Since my first trip to Japan I’ve been intrigued by seaweed. I love everything about it. Its health benefits, the unlimited ways you can use it in cooking and how it smells of the ocean. One of my true passions is creating recipes in my kitchen by fusing local Irish ingredients with Japanese flavours, and Irish seaweed is one of the key ingredients that allows me to do this.
In Ireland our ancestors relied heavily on seaweed as a source of nutrition and foraged for it themselves. Unfortunately over the years this appreciation and knowledge for seaweed was lost and forgotten. However, in recent years there has been a revival in seaweed consumption in Ireland. Follow my guide to all things seaweed; from its health benefits, to how to incorporate it into your diet.
The main health benefits of seaweed:
– Anti-viral, anti-bacterial and anti-inflammatory properties
– Anti-cancerous benefits. There has been a link between seaweed playing a role in lowering the risk of estrogen-related cancers including breast cancer.
– Excellent source of Vitamin C, Vitamin B-12 and iodine (helping to maintain a healthy thyroid)
– Unique mineral content including an excellent source of iron, magnesium and calcium
The main types of seaweed:
– Kelp (Kombu)
– Sea lettuce
– Sea Spaghetti
Simple ways to include seaweed into your everyday kitchen:
– Simply place milled dillisk or kelp on your table instead of salt and pepper
– Add seaweed to marinades, dressings, soups, stews, smoothies and juices (1 teaspoon of milled dried seaweed will not overpower the original recipe).
– Make a simple stock (dashi) by soaking dried kelp in cold water. Use the stock as a base for soups, stews or stir fries.
– Season butter or oil with dried seaweed such as sea lettuce, nori, dillisk and kelp.
– Make dried seasoning (furikake) with milled seaweed (i.e. dillisk, nori or kombu) and mix with other ingredients such as white/black sesame seeds, chilli powder etc. Then, sprinkle over dishes, soups or salads.
– Make a traditional Irish carrageen moss pudding
Where can I buy seaweed in Ireland?
You can get a selection of Irish seaweeds in large supermarkets, health stores and fish mongers. Here are some of my favourite Irish seaweed products:
– Sea of Vitality products include dried milled dillisk and dried milled kelp in a small glass jar. They also have a dry bread mix with seaweed. Their products can be found in some Supervalu stores and speciality stores around Ireland.
– Wild Irish Sea Veg have a variety of seaweed products including nori, dillisk, kelp, carrageen etc. These are packaged as dried seaweed strips or milled seaweed.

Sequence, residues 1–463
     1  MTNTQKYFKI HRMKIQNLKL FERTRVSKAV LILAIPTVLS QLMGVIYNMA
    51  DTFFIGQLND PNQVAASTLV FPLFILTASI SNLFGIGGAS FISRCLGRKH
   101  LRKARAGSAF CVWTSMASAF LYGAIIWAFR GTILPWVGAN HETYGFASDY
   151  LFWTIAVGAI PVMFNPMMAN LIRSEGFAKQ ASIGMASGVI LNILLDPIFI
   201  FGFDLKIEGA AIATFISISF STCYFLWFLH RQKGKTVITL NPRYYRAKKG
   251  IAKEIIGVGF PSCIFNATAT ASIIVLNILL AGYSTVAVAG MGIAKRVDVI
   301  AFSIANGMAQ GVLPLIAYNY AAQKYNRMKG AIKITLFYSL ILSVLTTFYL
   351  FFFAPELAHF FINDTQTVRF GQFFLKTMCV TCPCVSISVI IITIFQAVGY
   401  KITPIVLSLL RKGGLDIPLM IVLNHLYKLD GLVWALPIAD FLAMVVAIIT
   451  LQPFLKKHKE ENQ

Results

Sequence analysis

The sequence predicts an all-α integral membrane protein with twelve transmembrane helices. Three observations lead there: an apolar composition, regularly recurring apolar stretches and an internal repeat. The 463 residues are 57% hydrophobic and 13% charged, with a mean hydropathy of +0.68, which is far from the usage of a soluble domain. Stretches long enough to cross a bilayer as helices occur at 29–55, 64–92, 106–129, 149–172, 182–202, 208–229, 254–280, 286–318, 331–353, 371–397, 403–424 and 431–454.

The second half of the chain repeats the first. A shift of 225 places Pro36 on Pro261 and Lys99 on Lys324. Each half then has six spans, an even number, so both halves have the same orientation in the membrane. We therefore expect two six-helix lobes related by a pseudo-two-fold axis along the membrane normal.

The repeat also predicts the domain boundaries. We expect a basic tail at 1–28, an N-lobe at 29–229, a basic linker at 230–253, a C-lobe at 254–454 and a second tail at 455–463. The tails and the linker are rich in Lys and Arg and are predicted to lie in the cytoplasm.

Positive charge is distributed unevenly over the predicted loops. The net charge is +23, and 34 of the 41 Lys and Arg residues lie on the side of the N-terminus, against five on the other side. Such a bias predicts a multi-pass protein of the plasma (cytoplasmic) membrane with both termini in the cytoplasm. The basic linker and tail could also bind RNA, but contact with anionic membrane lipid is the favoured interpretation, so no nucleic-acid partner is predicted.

Learn more about seaweed:
There is plenty of expertise in Ireland if you want to learn more about seaweed. Prannie Rhatigan, who wrote the “Irish Seaweed Kitchen”, and Sally McKenna, who wrote “Extreme Greens”, are both extremely knowledgeable on this subject and often give talks and foraging workshops on seaweed. If you fancy Michelin star seaweed inspired dishes go to the restaurants of well-known and respected chefs Kevin Thornton, of Thornton’s, and JP McMahon, of Aniar Restaurant; two chefs who are passionate about using Irish seaweed in creative ways.
I often meet people at my cooking classes that are initially reluctant to eat or use seaweed in their cooking at home but once they understand how easy it is to use seaweed, and that it tastes a lot milder than expected, they embrace it along with all the wonderful things it can bring to your table and diet.
A self-taught cook, food-writer and author, Fiona Uyema is one of Ireland’s leading Japanese cooks and cookery instructors. Passionate about bringing the art of Japanese home-cooking into kitchens across the country and further afield, her first book, Japanese Food Made Easy was published in September 2015.
Fiona now lives in Co. Kildare with her husband and two sons where she teaches workshops, provides corporate classes on the art of Japanese cooking, provides consultancy to restaurants and the food industry and blogs about her Japanese food adventures on Fiona’s Japanese Cooking Blog.
Fiona Uyema’s love of the Japanese language, culture and cuisine began in Dublin City University where she studied Japanese and International Marketing. She then spent three years living in the beautiful village of Nishiyama. After her introduction to her now husband Gilmar, her love of Japan was sealed.